Spanish Version

Disaster Drill Guide

Social Studies Activity

In this activity, students will create an emergency drill guide that will help them know what to do in the event of an emergency at school.


  • Cassette tape recorders and tapes (optional)
  • Age-appropriate magazines, newspapers, and nonfiction books that focus on disasters
  • Poster boards (optional)
  • Colored pencils or markers, crayons


  1. Brainstorm with students a list of potential emergencies that could happen as a result of a disaster such as a flood, an earthquake, a tornado, a hurricane, or an explosion. Then discuss what emergency drills are and why they are necessary.

  2. Divide the class into small groups and explain that each group will make a disaster drill guide that will focus on any of the emergencies discussed. (Encourage each group to focus on a different disaster.)

  3. Suggest the following ways for students to gather information for their guides:

    • Interview members of the school staff (principal, teachers, secretaries, librarian, custodians, nurse). Find out what role they play in conducting drills and preparing for possible disasters. Encourage groups to write interview questions (in advance) that explore the staff members' responsibilities in preparation for and during an emergency drill. Some students may find it easier to tape record their interviews.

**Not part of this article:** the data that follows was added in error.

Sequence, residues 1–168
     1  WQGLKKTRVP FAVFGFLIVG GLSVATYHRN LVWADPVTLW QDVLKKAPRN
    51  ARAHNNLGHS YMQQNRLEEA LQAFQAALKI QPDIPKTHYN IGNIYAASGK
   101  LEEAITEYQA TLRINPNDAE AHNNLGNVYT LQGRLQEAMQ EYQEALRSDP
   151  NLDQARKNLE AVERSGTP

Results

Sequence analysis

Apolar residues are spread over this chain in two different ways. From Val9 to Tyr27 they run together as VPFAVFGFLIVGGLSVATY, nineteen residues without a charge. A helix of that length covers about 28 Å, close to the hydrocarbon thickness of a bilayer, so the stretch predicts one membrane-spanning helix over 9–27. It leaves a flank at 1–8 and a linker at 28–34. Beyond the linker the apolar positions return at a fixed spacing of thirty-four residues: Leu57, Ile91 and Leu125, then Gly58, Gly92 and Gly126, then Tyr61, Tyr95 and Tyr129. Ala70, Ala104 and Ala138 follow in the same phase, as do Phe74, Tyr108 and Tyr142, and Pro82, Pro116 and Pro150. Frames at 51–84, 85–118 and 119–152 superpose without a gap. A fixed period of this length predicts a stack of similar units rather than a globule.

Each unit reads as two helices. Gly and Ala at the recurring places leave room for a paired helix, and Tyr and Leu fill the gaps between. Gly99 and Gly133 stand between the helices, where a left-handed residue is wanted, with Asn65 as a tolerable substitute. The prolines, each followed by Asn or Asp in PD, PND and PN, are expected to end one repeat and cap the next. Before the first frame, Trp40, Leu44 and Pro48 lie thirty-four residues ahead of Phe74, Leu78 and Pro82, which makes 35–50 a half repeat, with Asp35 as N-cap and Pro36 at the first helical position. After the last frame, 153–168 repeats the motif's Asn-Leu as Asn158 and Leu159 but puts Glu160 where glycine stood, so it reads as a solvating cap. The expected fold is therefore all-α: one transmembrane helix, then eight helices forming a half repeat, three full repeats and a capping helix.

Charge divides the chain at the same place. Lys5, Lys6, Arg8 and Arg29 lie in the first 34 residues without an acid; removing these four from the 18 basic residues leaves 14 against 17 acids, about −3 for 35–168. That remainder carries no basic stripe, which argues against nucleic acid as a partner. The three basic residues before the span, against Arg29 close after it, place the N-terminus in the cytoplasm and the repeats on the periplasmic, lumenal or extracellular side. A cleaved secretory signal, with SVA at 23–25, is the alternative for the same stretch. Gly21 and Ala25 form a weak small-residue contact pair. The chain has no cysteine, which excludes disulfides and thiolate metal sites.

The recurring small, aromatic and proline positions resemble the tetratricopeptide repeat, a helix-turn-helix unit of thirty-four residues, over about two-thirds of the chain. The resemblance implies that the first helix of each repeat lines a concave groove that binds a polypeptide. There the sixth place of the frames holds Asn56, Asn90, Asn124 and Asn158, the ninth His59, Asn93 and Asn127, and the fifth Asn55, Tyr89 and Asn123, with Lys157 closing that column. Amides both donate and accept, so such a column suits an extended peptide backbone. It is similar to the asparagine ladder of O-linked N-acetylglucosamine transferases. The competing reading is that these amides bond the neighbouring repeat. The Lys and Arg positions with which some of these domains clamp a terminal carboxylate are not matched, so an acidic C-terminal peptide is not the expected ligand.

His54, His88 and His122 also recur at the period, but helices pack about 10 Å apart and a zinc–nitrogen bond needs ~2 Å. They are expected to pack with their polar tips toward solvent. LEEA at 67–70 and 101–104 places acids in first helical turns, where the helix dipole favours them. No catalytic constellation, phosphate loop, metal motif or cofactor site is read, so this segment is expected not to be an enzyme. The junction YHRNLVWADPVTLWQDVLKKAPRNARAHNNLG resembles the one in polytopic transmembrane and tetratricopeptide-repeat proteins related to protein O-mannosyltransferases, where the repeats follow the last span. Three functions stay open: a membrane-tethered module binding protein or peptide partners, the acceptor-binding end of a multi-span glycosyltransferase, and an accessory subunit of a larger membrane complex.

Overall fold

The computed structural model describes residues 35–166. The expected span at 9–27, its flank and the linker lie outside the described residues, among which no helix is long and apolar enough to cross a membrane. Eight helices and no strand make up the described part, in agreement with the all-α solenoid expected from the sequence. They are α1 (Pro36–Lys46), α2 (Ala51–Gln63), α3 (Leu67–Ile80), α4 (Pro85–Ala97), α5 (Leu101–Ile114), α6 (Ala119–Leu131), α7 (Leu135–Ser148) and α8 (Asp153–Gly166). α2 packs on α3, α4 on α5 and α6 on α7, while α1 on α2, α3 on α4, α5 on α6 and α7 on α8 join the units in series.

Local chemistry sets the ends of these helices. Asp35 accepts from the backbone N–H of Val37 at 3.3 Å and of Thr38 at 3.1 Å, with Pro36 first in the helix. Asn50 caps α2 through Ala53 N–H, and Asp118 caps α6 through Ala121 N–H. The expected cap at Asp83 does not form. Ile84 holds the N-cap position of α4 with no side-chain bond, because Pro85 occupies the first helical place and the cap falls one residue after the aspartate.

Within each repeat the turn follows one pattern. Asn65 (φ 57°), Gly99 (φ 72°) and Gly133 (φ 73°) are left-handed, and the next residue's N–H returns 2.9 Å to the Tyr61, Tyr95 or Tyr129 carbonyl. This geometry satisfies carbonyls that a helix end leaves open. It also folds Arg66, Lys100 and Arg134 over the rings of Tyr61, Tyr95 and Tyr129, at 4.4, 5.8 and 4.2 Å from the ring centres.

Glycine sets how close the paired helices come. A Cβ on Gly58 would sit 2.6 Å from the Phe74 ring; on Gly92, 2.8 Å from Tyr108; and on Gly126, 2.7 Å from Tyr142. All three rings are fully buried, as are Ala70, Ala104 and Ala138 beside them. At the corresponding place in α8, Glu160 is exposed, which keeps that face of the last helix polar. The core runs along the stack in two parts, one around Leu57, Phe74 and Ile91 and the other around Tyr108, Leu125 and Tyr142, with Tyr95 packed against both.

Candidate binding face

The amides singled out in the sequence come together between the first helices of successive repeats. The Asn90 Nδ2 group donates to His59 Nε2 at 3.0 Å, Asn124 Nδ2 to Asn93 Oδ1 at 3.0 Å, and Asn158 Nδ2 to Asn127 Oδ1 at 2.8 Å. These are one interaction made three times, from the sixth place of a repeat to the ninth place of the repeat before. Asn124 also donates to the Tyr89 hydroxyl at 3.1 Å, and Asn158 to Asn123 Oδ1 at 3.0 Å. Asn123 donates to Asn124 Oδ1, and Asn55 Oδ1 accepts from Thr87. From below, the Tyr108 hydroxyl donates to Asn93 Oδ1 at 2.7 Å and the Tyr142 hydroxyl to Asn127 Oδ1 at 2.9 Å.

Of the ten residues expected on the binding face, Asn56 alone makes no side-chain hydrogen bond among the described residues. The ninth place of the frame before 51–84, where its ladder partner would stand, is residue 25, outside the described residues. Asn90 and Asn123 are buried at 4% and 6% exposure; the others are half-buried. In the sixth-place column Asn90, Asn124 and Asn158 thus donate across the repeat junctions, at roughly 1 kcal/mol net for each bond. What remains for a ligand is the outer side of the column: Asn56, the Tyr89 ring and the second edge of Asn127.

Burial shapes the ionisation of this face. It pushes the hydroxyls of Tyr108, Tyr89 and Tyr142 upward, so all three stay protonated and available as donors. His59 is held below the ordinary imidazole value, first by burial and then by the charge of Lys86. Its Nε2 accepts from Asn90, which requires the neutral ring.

• Invite a local firefighter and/or police officer to class to talk about the different kinds of emergency drills that students might need to know about. Again, students should prepare some questions in advance.

    • Read what others have done to prepare for different kinds of disasters. Some good sources are age-appropriate student magazines (National Geographic World), newspapers, and nonfiction books.

  4. Have students choose a format for their guide. They may wish to create a guide in the form of a large poster or make a booklet complete with pictures and a map that shows escape routes.

  5. Encourage students to make copies of their guides and pass them out to other classes. They may need to explain the guides to younger students. Students may also wish to take home a copy of their guides to share with their families.


  • Have students use their guides to practice appropriate emergency drills.
  • Have students make an emergency drill guide for use at home.

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